That's all been noted in past Logs, as well as numerous happier anchorages and voyages.

    Wishing all Feliz Navidad. The below photo was taken at Yelapa. I've never looked down on a rainbow before.

    Name:  Yelapa Rainbow.jpg
Views: 350
Size:  987.0 KB
    Last edited by sleddog; 12-21-2016 at 07:10 PM.

  3. #1783
    Join Date
    Sep 2007
    Location
    Capitola,CA
    Posts
    2,197

    Default

    Back in more idealistic days, my 27' Wylie design WILDFLOWER was without engine for the usual reasons: weight, smell, drag, cost, space, need for mechanical ability, environmental purity, blah, blah.

    Reality took a starboard turn one windless night drifting in the fog off Pt. Conception with great ships' horns sounding in the vicinity. My upgrade was a war surplus 14 foot lifeboat oar. ....However, rowing a 6,000 pound sloop with one oar, while standing and facing forward, was nothing to write home about.

    Name:  IMGP0001-002.JPG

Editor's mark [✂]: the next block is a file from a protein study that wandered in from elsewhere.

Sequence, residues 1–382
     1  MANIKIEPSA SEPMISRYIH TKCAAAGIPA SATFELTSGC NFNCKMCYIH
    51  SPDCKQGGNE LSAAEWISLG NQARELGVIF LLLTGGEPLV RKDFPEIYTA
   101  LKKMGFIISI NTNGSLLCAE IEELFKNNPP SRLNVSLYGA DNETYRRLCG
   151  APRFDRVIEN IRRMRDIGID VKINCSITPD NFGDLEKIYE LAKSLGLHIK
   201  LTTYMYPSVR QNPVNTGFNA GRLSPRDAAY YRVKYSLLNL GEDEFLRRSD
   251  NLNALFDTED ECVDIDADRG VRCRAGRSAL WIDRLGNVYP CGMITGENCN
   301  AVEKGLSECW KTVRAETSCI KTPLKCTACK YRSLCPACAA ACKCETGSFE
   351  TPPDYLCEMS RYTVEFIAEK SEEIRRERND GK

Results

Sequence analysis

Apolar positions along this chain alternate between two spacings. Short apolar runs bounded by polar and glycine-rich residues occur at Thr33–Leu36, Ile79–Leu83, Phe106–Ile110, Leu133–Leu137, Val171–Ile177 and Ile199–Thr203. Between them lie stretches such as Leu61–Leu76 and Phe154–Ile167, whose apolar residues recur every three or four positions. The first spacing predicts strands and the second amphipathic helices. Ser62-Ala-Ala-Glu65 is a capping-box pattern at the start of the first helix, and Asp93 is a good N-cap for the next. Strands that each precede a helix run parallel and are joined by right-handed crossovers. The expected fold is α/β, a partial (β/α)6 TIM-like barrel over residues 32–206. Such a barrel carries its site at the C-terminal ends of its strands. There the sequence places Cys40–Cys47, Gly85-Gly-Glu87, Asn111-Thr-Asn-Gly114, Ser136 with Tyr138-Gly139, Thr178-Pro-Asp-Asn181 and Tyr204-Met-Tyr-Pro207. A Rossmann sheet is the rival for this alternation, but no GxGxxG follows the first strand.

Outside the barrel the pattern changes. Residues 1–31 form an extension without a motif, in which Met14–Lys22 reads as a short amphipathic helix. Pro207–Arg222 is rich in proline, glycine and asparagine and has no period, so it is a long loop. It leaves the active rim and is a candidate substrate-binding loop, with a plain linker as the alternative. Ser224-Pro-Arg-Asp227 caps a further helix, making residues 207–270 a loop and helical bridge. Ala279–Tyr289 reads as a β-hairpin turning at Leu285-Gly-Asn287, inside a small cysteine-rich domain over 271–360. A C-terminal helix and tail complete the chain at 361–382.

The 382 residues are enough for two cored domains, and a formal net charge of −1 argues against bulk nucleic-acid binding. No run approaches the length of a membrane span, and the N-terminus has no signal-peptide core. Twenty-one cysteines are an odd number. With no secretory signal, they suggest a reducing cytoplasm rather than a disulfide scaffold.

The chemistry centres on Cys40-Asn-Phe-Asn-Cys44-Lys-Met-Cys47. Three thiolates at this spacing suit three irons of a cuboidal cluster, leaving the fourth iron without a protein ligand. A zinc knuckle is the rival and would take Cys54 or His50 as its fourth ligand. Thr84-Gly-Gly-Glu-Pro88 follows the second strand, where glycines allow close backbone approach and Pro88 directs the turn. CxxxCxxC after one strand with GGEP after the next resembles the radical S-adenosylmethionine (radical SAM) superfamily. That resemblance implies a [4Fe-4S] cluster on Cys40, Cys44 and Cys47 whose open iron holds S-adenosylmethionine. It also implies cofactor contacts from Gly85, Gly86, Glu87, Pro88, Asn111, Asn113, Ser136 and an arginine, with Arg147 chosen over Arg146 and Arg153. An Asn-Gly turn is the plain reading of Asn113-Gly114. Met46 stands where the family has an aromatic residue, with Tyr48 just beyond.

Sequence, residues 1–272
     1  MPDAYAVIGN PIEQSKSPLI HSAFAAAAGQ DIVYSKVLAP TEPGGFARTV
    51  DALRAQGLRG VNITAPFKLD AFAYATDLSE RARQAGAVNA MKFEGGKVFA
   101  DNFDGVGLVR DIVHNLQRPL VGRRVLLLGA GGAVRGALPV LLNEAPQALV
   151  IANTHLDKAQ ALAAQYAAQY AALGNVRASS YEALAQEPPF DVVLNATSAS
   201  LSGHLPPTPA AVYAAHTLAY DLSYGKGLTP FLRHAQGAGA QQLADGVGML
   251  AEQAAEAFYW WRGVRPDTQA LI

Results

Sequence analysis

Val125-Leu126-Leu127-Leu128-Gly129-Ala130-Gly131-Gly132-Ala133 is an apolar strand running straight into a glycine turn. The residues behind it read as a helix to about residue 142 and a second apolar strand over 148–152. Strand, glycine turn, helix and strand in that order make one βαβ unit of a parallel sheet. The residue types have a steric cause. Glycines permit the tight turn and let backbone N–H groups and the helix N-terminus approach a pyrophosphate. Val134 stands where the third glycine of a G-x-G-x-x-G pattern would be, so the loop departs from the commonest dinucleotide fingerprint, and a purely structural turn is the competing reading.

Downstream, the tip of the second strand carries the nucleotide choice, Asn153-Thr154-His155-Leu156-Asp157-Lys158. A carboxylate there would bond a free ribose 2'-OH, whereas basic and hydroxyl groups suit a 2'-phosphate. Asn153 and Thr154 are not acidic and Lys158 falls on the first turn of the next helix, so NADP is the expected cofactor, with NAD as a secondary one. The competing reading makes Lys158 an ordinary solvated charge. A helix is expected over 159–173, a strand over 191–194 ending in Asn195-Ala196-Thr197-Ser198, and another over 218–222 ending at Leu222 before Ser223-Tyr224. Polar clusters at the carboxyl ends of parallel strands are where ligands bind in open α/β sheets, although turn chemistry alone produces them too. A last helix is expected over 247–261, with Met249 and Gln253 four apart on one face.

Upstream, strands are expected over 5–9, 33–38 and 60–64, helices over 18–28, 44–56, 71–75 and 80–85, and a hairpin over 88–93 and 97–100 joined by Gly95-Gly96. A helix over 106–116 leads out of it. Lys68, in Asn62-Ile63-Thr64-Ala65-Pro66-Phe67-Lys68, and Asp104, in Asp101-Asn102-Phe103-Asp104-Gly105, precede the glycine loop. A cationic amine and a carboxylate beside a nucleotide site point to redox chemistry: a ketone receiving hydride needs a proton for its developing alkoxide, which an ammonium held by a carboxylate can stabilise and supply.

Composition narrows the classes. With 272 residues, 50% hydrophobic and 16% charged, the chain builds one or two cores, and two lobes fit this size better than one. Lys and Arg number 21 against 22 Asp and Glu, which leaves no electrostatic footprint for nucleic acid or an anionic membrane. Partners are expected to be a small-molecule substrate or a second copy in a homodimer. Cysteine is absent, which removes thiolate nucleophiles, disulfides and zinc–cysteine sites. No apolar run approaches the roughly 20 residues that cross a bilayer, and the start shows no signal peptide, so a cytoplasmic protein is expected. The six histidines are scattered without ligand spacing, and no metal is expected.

Views: 277
Size:  215.9 KB

    WILDFLOWER's oar, from the first US flagged container ship (1960) MAYAGUEZ, was retired and currently hangs above the garage. MAYAGUEZ later achieved notoriety in 1975, at the end of the Vietnam War, by being captured by the Cambodians in disputed territorial waters. The resulting international incident cost over 40 lives as President Gerald Ford attempted to have the ship and its crew liberated by force. Evidence later apparently showed MAYAGUEZ was steaming only 2 miles off the Cambodian coast, and not flying a flag of registry. https://en.wikipedia.org/wiki/Mayaguez_incident

    My next attempt at motor sailing WILDFLOWER was with a WWII vintage, 3 horsepower, Seagull engine hanging off the transom. These legendary engines had achieved cult status for their ruggedness and simplicity: one cylinder, two stroke, and three moving parts.

    Name:  Seagull.jpg
Views: 288
Size:  260.8 KB

    WILDFLOWER's Seagull outboard achieved minor utilitarian status, but for a different reason. The noisy, smokey, oil hungry, little beast became, with 25 feet of chain, a second anchor.

    Name:  Seagull3.jpg
Views: 247
Size:  4.9 KB

    Though WILDFLOWER sailed the first SHTP "green" with no engine, I became a believer that to do well in the SHTP necessarily requires two independent means of electrical charging. The challenge being that with just one means of charging the battery, and no backup, things can break, or not function as planned. The number of Singlehanded Tranpackers who have underestimated their charging needs is legion. It's just a fact, that despite high hopes, autopilots, coms, electronics, and electrical inefficiencies drain batteries quicker than can be replenished using modern green methods.